When we overcome a setback, when we forget blame and focus all attention on the solution, when we try something with the confidence we’ll recover if it doesn’t work, we feel joy at work.

When we sometimes pause and celebrate, when we recognize our colleagues, when we see our progress, we feel joy at work.

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The 2020 Word Was Freedom

change joy at work Jan 01, 2021

Written by Roxanne Brown

In January 2020, I chose a word for the year: Freedom. That choice was about freedom from self-doubt, freedom from the noise in my head and the freedom to choose from more options resulting from the first two. When I think back on that now, I can hear the wish to go back in time. I also think, “how quaint.”

About ten years ago, I experienced freedom from the constant, internal dialogue. I had some life-changing experiences that caused me to question everything I thought I knew about myself and the world. My reaction was to just sit with what was happening and try to learn from it. I adopted a “follow-your-nose” philosophy, which translated meant I was letting the universe speak to me and then responding with what seemed to make sense at the time. I was certainly intentional about the life I wanted to live, but my previous “force-of-will” approach to make my carefully chosen goals happen was no longer my mode of...

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The Change Decision 2020 Family Christmas Newsletter

joy at work Dec 26, 2020

Dear Friends and Family,

This was an unprecedented year for The Change Decision family.  Truly unprecedented! (Fun fact: The word “unprecedented” has enjoyed unprecedented usage this past year.) As we wrap ourselves in the warm glow of end-of-the-year reflection, we wanted to take some time to share with you the marvels we experienced in 2020. So please grab a hot cup of cocoa or a glass of mulled wine or several shots of tequila - as you may be so inclined - and walk with us down the memory lane endemic to every Family Christmas Newsletter.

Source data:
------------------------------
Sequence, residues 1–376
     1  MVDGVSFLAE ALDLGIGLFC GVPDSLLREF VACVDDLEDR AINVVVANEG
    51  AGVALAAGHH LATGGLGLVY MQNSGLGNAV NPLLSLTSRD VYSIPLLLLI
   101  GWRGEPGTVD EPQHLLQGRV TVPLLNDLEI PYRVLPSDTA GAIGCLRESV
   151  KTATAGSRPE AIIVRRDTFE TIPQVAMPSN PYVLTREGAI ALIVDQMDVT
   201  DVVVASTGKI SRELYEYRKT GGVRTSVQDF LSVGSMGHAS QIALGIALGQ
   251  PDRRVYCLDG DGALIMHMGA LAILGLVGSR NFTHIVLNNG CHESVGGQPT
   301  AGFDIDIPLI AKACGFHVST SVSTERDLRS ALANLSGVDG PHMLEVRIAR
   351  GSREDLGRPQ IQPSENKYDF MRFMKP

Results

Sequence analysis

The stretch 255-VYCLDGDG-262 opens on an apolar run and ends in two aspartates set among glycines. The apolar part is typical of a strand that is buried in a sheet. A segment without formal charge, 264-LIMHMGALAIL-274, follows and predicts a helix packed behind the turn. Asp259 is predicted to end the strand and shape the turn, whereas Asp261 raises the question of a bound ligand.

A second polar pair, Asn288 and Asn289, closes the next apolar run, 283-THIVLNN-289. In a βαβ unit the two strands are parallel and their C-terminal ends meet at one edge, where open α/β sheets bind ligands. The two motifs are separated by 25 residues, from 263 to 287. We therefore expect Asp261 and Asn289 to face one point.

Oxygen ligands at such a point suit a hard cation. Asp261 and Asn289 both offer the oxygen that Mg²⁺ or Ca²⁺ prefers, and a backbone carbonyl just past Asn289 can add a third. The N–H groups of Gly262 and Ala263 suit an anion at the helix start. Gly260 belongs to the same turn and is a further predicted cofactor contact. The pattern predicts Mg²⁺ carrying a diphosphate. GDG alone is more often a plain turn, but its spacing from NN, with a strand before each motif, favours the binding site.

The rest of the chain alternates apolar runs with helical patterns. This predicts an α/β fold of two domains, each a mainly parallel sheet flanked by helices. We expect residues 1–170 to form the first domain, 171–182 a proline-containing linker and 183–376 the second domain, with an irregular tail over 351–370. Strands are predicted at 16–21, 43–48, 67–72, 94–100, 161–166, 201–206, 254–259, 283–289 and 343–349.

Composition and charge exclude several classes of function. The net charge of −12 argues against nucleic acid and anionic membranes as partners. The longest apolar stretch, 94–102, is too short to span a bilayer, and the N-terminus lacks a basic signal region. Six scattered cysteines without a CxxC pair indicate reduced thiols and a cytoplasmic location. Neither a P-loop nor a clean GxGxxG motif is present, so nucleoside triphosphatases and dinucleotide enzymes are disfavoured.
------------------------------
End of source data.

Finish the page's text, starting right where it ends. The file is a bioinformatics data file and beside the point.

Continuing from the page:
At the beginning of this year, whose number hints at “clarity of vision” and therefore Hope, The Change Decision had an unprecedented number of new engagements and more on the way. (Don’t worry, there will NOT be unprecedented usage of the word “unprecedented” in this newsletter - but, perhaps, it will come up a few more times!) To be certain, we were aware of a growing issue in a far off...

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2020’s Silver Lining is Connection

virtual teams Dec 24, 2020

Written by Ed Cook

Even if it doesn’t make sense, after seeing a pattern, one has to admit that there is something there, right? We have seen a pattern in what people have told us in dozens of interviews and client meetings and virtual courses. The pattern is increased a time of isolation.

“A human being is a part of the whole, called by us 'Universe,' a part limited in time and space. He experiences himself, his thoughts and feelings as something separated from the rest — a kind of optical delusion of his consciousness. This delusion is a kind of prison for us, restricting us to our personal desires and to affection for a few persons nearest to us. Our task must be to free ourselves from this prison by widening our circle of compassion to embrace all living creatures and the whole nature in its beauty. Nobody is able to achieve this completely, but the striving for such achievement is in itself a part of the liberation and a foundation for...